Every civilization that has ever existed has experienced or is presently experiencing decline and fall similar to that of the Roman Empire. The cause is always the same: political coercion that is carried so far that it becomes destructive of society. Andrew Galambos posited that beginning in the 1960s the United States began a decline from the peak in prosperity, power, and influence achieved up to that time. There is evidence of the correctness of his assessment throughout this book.

Accelerating growth in knowledge, human freedom, and prosperity

Human society has enjoyed progressively accelerating growth in knowledge and prosperity due to revolutions in human thinking and understanding: the Newtonian or scientific revolution, the liberal revolution also known as the Age of Enlightenment, the industrial revolution, and the American Revolution.

The scientific revolution brought an ever accelerating accumulation of knowledge. The Age of Enlightenment brought liberation from intellectual acquiescence to the coercive and stultifying authority of church and state.

The industrial revolution accomplished ever increasing productivity that brought a widespread increase in living standards of most people to a level far greater than that enjoyed by the monarchs and landed aristocracy of the past.

The American revolution accomplished liberation from the idea that people need a powerful monarch to provide security and stability in society.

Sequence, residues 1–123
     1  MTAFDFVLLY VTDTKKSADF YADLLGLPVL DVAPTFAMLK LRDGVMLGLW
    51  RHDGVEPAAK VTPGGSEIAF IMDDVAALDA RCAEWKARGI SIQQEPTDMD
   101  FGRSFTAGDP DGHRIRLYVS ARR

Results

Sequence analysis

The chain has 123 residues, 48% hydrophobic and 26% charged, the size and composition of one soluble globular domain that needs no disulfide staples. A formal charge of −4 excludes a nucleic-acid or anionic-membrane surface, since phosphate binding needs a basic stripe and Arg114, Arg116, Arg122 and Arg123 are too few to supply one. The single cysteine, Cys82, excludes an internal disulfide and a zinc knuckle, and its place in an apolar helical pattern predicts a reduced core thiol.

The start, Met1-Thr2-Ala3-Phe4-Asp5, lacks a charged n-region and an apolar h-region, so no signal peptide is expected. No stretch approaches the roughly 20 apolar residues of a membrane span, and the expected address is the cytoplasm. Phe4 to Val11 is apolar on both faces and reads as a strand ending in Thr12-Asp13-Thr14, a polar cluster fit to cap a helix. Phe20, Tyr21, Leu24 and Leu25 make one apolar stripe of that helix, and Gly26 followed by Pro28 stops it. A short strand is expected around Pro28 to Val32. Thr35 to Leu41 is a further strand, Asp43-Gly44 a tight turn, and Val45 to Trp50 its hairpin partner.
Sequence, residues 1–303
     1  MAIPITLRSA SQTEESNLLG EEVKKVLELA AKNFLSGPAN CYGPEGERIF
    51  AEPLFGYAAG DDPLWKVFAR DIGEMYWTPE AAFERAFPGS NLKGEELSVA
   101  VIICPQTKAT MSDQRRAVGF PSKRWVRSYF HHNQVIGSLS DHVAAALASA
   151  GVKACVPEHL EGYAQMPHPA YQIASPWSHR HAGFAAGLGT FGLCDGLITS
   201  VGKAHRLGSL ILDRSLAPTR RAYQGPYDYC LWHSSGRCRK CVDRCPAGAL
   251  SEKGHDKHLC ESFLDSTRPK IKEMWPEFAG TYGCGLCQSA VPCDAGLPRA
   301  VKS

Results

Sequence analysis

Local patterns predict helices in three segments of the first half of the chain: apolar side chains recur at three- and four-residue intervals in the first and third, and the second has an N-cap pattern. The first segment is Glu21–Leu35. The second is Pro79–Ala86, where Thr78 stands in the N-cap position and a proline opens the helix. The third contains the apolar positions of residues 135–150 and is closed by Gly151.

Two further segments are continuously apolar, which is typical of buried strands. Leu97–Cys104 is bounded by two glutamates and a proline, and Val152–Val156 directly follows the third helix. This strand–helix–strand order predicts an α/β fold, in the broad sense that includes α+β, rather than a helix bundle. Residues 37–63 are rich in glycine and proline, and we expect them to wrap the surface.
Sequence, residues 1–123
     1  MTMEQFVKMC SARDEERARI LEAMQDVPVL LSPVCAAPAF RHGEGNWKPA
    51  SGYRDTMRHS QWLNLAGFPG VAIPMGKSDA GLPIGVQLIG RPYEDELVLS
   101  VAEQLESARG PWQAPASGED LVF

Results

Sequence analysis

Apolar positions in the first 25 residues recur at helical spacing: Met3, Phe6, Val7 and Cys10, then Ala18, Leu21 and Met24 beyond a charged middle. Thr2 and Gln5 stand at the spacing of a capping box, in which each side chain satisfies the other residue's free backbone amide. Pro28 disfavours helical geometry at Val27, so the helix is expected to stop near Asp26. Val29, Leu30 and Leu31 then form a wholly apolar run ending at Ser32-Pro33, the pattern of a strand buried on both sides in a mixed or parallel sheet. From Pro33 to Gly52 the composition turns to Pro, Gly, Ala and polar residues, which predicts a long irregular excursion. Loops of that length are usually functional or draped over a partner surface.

Knowledge as the source of abundance

Where abundance exists, its primary source is knowledge. Where poverty exists, its primary cause is lack of knowledge.

Switzerland and Singapore are nations that are small in size and lacking in natural resources. However, both enjoy prosperity because free enterprise is a characteristic of the economic life of each nation.

Russia has probably greater and more extensive natural resources than any other nation. However, under communism in the 20th century, most Russians suffered from abysmal poverty. Despite the fall of the communist party of Russia, there is still widespread poverty in Russia. That is because Russia has no history or tradition of individual freedom and protection of property rights of its inhabitants.

The false alternatives of politics

All political debates have three things in common.

  1. There is disagreement over political choices, each of which is certain to displease some or a large number of people affected by the choices.
  2. None of the political choices provides a real and permanent solution to the problem; they are all false alternatives.
  3. All political choices involve coercion.

The anti-capitalistic mentality